Nancy Wilson and Liv Warfield of Roadcase Royale: The Interview

Ivor LeveneCategories:Featured Articles

Rock Cellar Magazine

Nancy Wilson and Liv Warfield of Roadcase Royale (Photo: Jeremy Danger)

In the past year or so, there has been much talk in the press regarding the breakup of Heart. Unfortunately, when you live your life in the public eye, even the slightest event gets put under the microscope of popular culture. What happened between sisters Ann and Nancy Wilson has led many to assume that Heart is no longer, but one should never say never.

I’m not going to address the split here, nor did I bring it up in the following interview, because it has nothing really to do with the music and I’ll let others weigh in on that. In 2015 I was in attendance at The Hollywood Bowl where Heart was headlining.  I was even luckier to have seen the opening act, Liv Warfield. Ms. Warfield may not be a household name in your house, but she is in mine.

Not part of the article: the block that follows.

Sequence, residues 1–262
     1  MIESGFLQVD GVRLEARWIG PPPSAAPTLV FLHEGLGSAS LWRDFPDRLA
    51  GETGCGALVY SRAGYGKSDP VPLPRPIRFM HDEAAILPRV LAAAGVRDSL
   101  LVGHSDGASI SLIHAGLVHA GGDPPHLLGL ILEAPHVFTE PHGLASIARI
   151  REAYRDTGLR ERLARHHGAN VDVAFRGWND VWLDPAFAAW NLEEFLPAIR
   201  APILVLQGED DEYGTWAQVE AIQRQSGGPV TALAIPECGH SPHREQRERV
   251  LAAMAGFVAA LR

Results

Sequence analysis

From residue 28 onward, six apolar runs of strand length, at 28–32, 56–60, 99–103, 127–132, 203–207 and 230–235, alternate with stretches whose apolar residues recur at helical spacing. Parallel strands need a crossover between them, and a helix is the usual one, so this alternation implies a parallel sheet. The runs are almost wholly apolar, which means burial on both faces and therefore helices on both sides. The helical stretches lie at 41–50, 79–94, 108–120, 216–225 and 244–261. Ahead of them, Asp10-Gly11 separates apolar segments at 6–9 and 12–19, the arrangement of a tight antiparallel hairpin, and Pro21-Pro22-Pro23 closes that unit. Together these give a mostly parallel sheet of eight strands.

Think Sade mixed with Tina Turner, with a few horns thrown in, and you have Liv Warfield.

Liv first burst onto the scene in 2006 with her debut album, Embrace, which came to the attention of Prince — who enlisted her into his group, New Power Generation, in 2009.  Liv was the last of Prince’s protégé’s but she kept on performing, picking up nominations for BET’s Best New Artist  award and winning a Soul Train music award in 2014.  Not long after that, she was picked to open for Heart at the aforementioned show at The Hollywood Bowl and it was there that fate intervened.

The Wilson sisters took a break from Heart in 2016, and Liv Warfield and Nancy Wilson each thought that the other would be a great partner to record and perform with — and so, Roadcase Royale was born.

Both Nancy and Liv were kind enough to sit down with me recently to discuss their new project, the Rock And Roll Hall of Fame, Prince, Led Zeppelin, and a myriad of other topics.

Rock Cellar: Thanks for taking time to talk to me! I caught your show at the Hollywood Bowl in 2015; great show! You guys were just dynamite.